allow the aircraft to gather about 40-60km/h (20-30nmi/h) then decrease the power to maintain that

speed (~65%). At this speed you will be able to use the rudder to maintain direction, so you’ll avoid

wasting compressed air when braking to maintain direction. However, if you are making turns, you

need to decelerate to 15-20km/h (9-11nmi/h) and use rudder controls and brakes to turn the aircraft."

 

Doesn't really explain much.

 

I only wonder if the BLC system is somehow effecting this

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You need to apply partial brakes (not reaching 50% even) and keep speed below 50 km/h (65% or less power) to have sufficient nosewheel steering. I don't have problems taxiing this bird but I takeoff without holding the brakes but gradually till reaching full afterburner.

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Ff4life4, yep it does, back and down along the top of blown surface, like every blown flaps system, or even normal slotted or Fowler flap, just harder. In either case, the air ends up under the elevators and clearly nowhere near the rudder.

 

WildBill - nobody has problems taxying this bird, we're just curious what makes the plane turn at low speeds even WITHOUT using brakes, when: a) nose wheel is supposedly free-castoring; b) rudder ain't working, because there's clearly not enough airstream hitting it.


Edited by Art-J

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Maybe, when LN started to make their first flight test model they started with a simple propeller driven aircraft.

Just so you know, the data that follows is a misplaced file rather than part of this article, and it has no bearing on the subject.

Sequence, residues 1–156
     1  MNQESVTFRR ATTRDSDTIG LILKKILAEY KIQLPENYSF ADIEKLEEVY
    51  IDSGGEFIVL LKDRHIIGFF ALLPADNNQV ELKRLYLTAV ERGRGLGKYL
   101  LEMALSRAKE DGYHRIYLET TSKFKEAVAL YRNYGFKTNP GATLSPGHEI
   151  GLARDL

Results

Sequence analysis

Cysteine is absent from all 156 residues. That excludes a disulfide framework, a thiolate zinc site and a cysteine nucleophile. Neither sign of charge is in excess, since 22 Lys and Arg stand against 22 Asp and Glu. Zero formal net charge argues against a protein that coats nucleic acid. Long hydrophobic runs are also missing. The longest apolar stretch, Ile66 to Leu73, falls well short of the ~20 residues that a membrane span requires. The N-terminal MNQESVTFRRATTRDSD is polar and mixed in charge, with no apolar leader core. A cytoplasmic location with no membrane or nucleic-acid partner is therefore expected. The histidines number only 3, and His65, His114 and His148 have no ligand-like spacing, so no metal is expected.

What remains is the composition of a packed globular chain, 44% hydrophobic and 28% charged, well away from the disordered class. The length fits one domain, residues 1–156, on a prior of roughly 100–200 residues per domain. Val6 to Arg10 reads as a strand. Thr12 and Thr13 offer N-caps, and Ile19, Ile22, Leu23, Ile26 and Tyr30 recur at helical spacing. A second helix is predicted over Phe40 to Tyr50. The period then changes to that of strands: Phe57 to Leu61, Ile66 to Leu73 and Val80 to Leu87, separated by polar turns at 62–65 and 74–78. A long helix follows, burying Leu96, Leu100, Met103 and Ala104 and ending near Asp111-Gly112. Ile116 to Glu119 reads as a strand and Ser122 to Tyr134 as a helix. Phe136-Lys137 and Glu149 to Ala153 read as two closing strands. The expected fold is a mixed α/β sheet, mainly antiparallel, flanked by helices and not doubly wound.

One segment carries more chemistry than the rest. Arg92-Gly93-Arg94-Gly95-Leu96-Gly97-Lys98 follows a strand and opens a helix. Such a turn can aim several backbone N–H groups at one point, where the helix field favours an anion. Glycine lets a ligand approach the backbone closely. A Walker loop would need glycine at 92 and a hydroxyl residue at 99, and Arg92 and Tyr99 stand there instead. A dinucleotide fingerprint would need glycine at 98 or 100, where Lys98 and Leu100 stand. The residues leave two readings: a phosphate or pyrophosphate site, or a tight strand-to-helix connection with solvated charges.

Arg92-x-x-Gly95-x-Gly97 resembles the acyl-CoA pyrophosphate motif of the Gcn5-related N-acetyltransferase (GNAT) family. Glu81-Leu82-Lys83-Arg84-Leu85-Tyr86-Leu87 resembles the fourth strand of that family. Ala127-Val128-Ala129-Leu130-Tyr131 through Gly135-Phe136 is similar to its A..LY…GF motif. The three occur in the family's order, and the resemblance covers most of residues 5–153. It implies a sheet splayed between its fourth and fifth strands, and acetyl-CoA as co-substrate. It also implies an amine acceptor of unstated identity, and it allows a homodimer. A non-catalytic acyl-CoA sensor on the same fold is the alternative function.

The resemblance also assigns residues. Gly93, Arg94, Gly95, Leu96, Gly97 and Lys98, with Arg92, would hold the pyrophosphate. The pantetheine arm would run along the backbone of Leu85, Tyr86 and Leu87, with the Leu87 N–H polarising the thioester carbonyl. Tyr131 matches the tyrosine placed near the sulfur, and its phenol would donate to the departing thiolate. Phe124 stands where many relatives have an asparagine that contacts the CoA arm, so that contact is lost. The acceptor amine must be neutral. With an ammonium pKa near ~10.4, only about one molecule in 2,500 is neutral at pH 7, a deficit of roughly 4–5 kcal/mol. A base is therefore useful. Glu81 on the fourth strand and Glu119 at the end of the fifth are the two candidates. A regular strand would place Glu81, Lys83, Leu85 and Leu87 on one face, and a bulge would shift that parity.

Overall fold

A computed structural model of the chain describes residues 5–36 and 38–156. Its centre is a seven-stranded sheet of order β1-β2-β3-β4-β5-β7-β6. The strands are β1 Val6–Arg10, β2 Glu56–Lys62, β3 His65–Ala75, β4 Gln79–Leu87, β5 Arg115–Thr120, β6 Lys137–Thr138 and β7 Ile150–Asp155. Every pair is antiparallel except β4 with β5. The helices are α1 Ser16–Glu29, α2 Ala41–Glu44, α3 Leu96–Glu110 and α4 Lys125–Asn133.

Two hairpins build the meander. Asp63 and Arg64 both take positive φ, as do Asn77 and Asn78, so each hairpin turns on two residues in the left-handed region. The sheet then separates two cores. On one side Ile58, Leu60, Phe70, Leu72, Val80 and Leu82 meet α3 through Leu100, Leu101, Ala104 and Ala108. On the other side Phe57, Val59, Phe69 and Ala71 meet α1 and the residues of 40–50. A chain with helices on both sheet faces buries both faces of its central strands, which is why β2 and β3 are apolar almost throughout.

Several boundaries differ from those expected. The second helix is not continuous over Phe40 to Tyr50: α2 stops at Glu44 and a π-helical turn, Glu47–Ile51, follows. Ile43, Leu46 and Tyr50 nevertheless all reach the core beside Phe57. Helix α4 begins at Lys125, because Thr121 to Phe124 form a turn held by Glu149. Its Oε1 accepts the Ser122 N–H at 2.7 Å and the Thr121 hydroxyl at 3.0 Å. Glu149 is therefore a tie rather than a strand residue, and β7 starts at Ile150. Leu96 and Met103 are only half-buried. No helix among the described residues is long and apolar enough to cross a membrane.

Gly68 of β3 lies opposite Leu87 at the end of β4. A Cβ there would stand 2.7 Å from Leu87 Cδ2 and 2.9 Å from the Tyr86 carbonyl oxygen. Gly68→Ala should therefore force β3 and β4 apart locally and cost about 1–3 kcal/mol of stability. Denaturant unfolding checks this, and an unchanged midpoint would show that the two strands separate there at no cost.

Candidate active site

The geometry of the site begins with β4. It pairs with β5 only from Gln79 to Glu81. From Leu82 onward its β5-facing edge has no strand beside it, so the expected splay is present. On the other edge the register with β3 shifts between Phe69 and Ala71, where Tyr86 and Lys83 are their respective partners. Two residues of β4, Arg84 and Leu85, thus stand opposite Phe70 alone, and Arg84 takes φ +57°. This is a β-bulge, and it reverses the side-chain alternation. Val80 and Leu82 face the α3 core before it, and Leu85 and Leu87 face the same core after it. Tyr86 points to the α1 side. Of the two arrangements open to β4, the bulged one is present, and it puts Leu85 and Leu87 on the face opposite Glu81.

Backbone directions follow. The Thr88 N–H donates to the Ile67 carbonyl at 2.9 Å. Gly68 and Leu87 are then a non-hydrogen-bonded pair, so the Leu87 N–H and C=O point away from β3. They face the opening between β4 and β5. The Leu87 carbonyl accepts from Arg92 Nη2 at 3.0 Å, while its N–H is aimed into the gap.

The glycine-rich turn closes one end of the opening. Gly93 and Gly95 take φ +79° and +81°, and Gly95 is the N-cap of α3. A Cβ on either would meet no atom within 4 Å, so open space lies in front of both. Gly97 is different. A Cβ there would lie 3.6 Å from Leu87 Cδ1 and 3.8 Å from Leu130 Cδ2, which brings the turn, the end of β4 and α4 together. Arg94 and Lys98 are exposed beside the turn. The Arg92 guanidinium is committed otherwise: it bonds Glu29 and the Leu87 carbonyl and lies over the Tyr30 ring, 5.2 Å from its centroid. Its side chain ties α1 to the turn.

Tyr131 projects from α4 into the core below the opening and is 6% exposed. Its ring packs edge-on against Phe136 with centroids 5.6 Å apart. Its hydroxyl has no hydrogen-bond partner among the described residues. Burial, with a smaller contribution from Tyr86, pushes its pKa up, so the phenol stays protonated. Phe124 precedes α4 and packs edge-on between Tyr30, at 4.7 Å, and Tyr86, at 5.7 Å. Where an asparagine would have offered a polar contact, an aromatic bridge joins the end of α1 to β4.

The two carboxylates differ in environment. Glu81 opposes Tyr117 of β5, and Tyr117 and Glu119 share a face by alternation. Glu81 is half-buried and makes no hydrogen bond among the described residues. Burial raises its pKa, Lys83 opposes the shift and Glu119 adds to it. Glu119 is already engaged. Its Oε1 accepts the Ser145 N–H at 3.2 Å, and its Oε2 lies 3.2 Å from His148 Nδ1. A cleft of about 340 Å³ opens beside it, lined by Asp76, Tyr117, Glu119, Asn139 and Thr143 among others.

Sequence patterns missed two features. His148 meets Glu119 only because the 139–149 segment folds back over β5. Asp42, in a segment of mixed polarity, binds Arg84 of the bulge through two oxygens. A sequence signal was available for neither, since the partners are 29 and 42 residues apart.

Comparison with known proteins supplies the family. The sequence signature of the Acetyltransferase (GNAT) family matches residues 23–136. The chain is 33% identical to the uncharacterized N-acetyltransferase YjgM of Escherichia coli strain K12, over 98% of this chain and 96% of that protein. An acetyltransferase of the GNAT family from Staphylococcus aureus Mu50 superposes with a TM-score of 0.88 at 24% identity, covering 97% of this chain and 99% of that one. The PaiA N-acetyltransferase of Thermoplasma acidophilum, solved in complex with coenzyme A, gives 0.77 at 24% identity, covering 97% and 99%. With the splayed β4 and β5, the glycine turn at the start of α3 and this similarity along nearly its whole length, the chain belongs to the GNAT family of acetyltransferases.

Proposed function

And since then they forgot to delete the prop wash and that's what we are seeing here, it makes perfect sense!

 

Case closed, move along guys.

 

Clearly I'm the annoying person.

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WildBill - nobody has problems taxying this bird, we're just curious what makes the plane turn at low speeds even WITHOUT using brakes, when: a) nose wheel is supposedly free-castoring; b) elevator ain't working, because there's clearly not enough airstream hitting it.

 

That!

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WWII bomber formations | DCS P-51D: [TEST] TO distance / gross weight / temperature

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WildBill - nobody has problems taxying this bird, we're just curious what makes the plane turn at low speeds even WITHOUT using brakes, when: a) nose wheel is supposedly free-castoring; b) rudder ain't working, because there's clearly not enough airstream hitting it.

 

Fixed! :P

 

Best regards,

Tango.